1. Not finding help here? Sign up for a free 30min tutor trial with Chegg Tutors
    Dismiss Notice
Dismiss Notice
Join Physics Forums Today!
The friendliest, high quality science and math community on the planet! Everyone who loves science is here!

Efficiency! What makes it less than 100%?

  1. Apr 27, 2011 #1
    1. The problem statement, all variables and given/known data
    List a couple factors that make efficiency less than 100%.

    2. Relevant equations
    Efficiency = Eout / Ein
    Eout = mgh
    Ein = Work = FD

    3. The attempt at a solution

    IDK :\
  2. jcsd
  3. Apr 27, 2011 #2
    A better way to look at efficiency is (useful output energy)/(input energy). A tank of gasoline has a certain amount of stored energy, however your car's motor produces a lot more than forward motion. All of that energy in the gasoline goes somewhere, but only a certain part goes to moving your car forward. For example, your engine gets very hot as it runs: Where does the energy for this heat come from? If all you want is forward motion, how is the production of this heat going to affect the amount of useful energy you get out of a tank of gasoline? (in this case useful energy is used for forward motion of the car)

    Essentially, I understand the question to be: what sort of things 'waste' energy in a system? What sort of things decrease the amount of useful energy you get?
  4. Apr 27, 2011 #3
    No like i mean, in a situation where there is an inclined plane (RAMP). And you are pushing an object up there.
    In that situation what makes it less than 100%
  5. Apr 27, 2011 #4
    With this definition of efficiency it will be less than 1 if the object starts at some speed V0 and ends at some speed V1 with V0<V1.

    This is because

    [tex] W = \Delta K.E. + \Delta G.P.E. [/tex]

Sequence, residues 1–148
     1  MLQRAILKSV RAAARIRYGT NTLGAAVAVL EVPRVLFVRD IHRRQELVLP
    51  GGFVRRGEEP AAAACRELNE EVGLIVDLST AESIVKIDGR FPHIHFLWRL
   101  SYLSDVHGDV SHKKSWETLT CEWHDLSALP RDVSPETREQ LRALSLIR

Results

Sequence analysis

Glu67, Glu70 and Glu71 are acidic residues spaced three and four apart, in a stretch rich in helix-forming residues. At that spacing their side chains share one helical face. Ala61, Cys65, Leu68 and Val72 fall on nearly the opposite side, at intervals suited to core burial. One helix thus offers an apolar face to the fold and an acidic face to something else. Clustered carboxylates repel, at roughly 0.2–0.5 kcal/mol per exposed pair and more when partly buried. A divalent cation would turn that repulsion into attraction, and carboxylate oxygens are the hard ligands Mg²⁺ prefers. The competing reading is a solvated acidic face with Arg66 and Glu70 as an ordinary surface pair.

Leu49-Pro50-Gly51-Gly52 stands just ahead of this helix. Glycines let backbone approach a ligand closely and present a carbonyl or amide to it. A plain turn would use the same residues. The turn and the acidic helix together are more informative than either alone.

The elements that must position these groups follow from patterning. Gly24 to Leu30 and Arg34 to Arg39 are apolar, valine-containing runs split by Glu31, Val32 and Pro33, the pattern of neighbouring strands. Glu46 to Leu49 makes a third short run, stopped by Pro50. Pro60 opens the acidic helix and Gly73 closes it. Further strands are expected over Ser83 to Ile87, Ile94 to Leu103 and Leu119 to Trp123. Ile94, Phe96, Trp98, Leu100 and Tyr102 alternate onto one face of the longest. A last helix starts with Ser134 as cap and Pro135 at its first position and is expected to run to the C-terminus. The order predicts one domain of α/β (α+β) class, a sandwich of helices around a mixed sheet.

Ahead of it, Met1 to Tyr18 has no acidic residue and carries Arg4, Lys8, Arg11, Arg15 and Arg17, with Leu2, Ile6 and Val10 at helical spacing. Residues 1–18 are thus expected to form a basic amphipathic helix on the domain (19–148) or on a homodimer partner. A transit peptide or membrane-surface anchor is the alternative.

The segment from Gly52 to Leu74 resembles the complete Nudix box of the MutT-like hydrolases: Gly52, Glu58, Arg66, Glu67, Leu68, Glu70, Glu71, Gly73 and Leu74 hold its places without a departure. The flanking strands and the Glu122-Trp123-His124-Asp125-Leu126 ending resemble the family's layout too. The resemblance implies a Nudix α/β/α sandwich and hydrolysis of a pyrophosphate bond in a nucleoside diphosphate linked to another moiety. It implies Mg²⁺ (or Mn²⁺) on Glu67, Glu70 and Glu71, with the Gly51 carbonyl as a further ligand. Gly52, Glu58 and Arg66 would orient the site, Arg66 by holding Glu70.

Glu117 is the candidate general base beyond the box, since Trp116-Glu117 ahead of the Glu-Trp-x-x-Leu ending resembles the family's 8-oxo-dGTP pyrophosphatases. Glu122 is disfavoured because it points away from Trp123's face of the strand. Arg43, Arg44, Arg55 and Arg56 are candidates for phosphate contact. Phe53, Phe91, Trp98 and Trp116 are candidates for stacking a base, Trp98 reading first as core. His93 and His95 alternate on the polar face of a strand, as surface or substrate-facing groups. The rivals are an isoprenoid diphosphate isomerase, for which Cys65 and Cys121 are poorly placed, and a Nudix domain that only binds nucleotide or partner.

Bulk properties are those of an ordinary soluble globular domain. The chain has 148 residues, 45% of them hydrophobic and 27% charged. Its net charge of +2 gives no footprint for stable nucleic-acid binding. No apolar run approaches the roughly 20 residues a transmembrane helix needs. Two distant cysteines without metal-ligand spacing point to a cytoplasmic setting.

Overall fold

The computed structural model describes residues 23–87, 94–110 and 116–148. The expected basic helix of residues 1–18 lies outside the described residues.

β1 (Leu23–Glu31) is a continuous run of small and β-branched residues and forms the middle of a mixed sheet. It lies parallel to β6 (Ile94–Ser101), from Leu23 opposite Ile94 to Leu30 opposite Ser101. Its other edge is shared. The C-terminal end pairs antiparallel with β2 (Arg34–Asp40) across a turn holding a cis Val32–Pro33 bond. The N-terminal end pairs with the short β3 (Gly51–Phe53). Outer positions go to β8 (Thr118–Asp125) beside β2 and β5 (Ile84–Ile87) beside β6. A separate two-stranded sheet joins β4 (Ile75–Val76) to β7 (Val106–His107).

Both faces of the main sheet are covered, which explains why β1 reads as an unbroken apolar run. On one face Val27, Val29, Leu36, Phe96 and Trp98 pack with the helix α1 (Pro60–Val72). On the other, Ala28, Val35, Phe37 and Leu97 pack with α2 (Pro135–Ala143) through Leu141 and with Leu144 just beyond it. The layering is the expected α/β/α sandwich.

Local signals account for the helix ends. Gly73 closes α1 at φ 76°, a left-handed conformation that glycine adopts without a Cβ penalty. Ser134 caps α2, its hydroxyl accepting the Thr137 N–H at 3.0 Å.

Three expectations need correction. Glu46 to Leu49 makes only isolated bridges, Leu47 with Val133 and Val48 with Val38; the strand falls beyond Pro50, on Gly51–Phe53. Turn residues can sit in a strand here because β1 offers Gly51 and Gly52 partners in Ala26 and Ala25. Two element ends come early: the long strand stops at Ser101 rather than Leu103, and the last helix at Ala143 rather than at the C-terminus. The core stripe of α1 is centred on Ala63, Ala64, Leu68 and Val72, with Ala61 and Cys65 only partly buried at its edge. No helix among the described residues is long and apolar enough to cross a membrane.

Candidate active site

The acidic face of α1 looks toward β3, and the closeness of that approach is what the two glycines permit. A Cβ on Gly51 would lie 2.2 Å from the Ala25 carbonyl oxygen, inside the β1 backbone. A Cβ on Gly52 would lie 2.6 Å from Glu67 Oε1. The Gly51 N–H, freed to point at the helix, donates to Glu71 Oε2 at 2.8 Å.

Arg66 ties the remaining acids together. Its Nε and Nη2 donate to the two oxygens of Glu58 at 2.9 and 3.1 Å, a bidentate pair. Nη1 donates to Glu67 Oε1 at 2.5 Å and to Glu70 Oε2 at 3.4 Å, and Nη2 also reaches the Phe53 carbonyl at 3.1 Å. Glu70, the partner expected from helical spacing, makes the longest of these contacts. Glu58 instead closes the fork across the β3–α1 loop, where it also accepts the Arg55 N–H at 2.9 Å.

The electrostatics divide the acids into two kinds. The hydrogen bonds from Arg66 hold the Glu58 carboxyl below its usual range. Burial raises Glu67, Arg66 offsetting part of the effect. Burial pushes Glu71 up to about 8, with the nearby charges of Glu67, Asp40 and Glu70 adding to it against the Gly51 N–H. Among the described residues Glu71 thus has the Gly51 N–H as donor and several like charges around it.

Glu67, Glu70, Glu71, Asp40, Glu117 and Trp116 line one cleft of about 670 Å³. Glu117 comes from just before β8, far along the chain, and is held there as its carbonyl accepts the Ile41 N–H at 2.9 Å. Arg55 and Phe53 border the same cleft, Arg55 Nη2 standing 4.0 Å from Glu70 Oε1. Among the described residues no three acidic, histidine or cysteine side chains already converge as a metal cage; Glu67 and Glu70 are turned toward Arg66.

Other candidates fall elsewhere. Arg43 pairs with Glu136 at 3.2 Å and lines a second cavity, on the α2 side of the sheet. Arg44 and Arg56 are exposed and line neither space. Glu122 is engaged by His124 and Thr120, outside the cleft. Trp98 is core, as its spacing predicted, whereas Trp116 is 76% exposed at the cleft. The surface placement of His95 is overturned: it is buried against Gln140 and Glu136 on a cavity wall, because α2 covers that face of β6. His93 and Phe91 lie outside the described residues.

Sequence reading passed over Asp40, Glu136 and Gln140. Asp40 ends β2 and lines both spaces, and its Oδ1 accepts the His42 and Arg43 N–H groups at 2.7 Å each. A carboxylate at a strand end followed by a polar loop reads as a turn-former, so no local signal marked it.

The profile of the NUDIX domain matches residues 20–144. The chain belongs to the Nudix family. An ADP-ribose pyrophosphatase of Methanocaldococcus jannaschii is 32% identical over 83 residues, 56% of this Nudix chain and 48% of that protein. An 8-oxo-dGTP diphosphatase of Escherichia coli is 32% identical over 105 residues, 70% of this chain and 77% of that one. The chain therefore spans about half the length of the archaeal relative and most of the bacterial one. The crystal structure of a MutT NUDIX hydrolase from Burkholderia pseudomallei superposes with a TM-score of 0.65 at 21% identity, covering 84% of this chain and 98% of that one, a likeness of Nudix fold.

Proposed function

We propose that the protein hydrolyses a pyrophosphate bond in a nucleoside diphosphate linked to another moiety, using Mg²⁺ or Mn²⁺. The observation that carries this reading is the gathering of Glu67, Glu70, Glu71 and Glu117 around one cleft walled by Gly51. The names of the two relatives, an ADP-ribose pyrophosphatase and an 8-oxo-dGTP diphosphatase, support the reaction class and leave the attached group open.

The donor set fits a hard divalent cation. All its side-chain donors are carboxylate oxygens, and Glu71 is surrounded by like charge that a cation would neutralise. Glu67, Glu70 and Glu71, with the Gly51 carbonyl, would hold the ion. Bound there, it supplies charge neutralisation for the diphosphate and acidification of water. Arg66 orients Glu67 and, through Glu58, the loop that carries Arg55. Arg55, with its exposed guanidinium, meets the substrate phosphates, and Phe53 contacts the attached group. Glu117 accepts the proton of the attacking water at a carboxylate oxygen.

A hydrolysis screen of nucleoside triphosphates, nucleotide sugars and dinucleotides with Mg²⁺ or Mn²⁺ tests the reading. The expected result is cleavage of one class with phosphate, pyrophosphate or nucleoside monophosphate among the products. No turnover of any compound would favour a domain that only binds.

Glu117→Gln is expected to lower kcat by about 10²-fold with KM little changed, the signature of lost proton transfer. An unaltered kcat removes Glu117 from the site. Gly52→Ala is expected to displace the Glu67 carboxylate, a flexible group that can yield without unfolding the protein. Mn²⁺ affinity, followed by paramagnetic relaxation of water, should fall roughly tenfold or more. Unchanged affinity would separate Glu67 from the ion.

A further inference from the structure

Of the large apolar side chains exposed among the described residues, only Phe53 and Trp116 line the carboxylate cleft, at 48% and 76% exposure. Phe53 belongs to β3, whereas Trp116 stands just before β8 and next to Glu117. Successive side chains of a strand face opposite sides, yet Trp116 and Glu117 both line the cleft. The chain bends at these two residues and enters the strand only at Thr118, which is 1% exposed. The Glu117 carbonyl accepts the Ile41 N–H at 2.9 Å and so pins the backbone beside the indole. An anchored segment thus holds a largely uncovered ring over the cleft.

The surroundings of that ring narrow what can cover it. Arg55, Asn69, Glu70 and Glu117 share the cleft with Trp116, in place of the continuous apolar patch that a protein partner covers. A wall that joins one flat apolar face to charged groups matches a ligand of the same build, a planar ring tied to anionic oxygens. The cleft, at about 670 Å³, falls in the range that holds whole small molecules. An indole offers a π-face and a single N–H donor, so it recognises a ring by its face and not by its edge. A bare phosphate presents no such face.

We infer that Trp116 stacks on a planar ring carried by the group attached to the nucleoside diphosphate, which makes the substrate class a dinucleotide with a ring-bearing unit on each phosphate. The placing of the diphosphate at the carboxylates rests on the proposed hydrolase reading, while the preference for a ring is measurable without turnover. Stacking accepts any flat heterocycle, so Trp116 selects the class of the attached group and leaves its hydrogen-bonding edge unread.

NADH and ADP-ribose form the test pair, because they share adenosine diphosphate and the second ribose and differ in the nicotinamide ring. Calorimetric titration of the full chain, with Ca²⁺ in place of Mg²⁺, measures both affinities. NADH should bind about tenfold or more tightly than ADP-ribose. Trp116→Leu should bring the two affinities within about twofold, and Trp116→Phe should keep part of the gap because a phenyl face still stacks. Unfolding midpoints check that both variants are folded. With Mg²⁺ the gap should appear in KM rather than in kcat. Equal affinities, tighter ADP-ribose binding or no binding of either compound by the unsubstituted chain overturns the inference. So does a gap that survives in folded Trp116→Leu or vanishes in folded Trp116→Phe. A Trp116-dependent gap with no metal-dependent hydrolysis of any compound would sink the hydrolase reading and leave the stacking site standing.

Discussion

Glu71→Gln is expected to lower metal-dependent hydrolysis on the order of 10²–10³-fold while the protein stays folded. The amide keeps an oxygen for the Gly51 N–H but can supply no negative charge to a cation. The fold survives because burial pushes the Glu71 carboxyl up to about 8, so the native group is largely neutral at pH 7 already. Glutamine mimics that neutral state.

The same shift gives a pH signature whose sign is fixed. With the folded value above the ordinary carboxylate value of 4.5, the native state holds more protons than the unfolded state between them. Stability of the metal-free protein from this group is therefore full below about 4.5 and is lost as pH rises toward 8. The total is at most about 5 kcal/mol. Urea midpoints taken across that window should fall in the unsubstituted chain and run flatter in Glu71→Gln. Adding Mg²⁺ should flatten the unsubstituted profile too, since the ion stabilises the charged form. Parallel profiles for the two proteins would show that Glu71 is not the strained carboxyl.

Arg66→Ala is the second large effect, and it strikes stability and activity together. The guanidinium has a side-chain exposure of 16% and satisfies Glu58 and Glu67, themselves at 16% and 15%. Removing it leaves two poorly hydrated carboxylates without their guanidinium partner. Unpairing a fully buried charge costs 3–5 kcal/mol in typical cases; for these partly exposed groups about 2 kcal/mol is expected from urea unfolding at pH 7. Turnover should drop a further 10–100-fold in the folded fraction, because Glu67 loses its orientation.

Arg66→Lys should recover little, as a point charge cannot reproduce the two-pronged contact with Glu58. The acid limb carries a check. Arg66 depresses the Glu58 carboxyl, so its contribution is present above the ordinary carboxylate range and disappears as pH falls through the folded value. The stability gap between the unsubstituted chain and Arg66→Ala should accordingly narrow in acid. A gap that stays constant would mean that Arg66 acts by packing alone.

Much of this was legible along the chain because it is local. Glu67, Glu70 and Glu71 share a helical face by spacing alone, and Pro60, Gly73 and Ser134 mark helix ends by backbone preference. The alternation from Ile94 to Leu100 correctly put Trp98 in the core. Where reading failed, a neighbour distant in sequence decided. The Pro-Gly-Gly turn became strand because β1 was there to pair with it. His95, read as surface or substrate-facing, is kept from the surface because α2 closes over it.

if the change in kinetic energy is positive, then

    [tex] W > mgh [/tex]


    [tex] \frac{mgh}{W} < 1 [/tex]

    But i'm not sure that this definition for efficiency really makes sense.
  6. Apr 27, 2011 #5
    Im in grade 11 btw so its introductory mechanics lol

    We have a lab in which there is a ramp with one end on the floor and the other end is on top of a few textbooks. Therefore, it has a slope, and an object is lifted using the ramp and the force is measured using a newton scale.
    So in this case, what makes it less than 100%.
    Assume the object is moving at constant velocity.
  7. Apr 27, 2011 #6
    Or you can take the advice of thegreenlaser, and say that friction will cause efficiency to be less than 100%. Friction is a much simpler and better answer in my opinion.
  8. Apr 27, 2011 #7
    Okay so can i say Friction will cause more applied force as a result it causes less efficiency.
    Is there anything else? Because it asks for 2 Major Factors.
  9. Apr 27, 2011 #8
    Perhaps air resistance. What do you think?
  10. Apr 27, 2011 #9
    I wasn't actually answering your question, I was trying to help you answer your question.

    In the case of an inclined ramp, you're pushing/pulling, but not all that energy goes into moving the object. I think they just want you to list off possibilities for where that energy goes, though I'm pretty sure they want you to think about it, and not just copy down what someone tells you, which is why I'm not just giving you a list of things.

    So, think about it. Why is it that it's harder to pull an object along carpet than it is to pull it on ice? Where does that energy go? That sort of energy loss is exactly why you can't get 100% efficiency. As far as what form this 'waste energy' takes, think about what happens when you rub your hands together really fast: what sort of energy is created? That sort of energy is one example of "waste" energy that keeps a machine from being 100% efficient.
Know someone interested in this topic? Share this thread via Reddit, Google+, Twitter, or Facebook

Similar Discussions: Efficiency! What makes it less than 100%?